What’s next? Due to the easing of production cuts by the OPEC+ group, Middle Eastern sour crude supply is expected to increase from August but Northeast Asian refiners are determined not to abruptly boost crude imports and refinery run rates as fuel demand recovery remains fragile across Asia. Japanese and South Korean industry sources said refiners in both countries would be cautious about not overcommitting to crude procurement. Meanwhile, Chinese refiners are wary of tilting the supply-demand balance as expected severe floods and heavy rain could curb transportation and industrial fuel demand this month.
4. Improving spreads suggest way out of US LNG doldrums
What’s happening? LNG tankers loading on the US Gulf Coast and delivering to East Asia are continuing to slow steam to their destinations in search of better netbacks in the fall. Increases in average voyage days are generally tracking widening of contango in the price curve for future months in end-user markets, Platts Analytics data show.
What’s next? A ramp in US exports for deliveries starting in October would be a welcome rebound from the sharp drop in terminal utilization in recent months due to cargo cancellations. Improving economics in China and India could spur growth in imports, while lower nuclear output in Japan due to maintenance and terror-proofing measures would support LNG deliveries there. In South Korea, languishing power sector demand could drag down LNG consumption.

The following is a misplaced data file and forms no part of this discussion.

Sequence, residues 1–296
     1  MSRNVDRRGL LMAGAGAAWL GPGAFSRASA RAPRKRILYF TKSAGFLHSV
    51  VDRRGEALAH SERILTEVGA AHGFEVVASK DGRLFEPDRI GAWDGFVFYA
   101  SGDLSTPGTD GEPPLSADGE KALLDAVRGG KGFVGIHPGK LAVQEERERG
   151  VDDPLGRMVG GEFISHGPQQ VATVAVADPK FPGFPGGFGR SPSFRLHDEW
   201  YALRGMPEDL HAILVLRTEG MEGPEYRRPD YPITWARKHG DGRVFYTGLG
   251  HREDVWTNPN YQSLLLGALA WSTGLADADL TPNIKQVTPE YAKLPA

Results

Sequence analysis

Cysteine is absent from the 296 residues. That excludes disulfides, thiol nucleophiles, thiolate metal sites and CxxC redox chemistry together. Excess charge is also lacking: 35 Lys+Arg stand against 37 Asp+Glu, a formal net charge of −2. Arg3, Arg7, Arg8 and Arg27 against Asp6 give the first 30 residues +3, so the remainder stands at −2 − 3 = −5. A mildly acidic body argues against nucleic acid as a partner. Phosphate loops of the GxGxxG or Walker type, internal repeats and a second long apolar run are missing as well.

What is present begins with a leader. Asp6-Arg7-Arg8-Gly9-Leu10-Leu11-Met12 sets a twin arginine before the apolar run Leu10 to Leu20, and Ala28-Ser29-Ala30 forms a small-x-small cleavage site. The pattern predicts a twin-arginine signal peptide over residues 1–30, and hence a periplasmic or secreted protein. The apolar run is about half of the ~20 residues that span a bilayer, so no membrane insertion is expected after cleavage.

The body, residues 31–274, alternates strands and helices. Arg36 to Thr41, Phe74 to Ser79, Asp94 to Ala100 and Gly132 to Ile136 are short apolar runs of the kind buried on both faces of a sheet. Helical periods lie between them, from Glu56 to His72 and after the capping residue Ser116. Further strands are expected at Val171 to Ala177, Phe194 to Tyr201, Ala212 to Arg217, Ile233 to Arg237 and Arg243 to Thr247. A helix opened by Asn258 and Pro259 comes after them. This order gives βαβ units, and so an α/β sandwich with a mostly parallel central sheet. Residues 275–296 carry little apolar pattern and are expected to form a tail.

5. ERCOT set new July peakload record, but power prices hardly moved
What’s happening? Triple-digit temperatures in major metro areas caused the Electric Reliability Council of Texas to set a monthly power demand record on July 13, but strong wind output kept real-time power prices low – peaking around $26/MWh system wide. Peakload demand hit 73.96 GW around 4 pm CDT, the highest level ever in July, with the previous record peakload of 73.30 GW set July 19, 2018. Hourly wind output barely dipped below 10 GW on July 13 and remained in 10.5 GW to 14.6 GW range throughout the period when system-wide peakload exceeded 70 GW.
What’s next? With more wind and solar capacity being added in Texas, output from these resources could moderate power prices going forward. However, underestimating wind and solar forecasts could result in price spikes and volatility during extreme weather.
Reporting by Henry Edwardes-Evans, Herman Wang, Takeo Kumagai, Philip Vahn, Harry Weber, Jared Anderson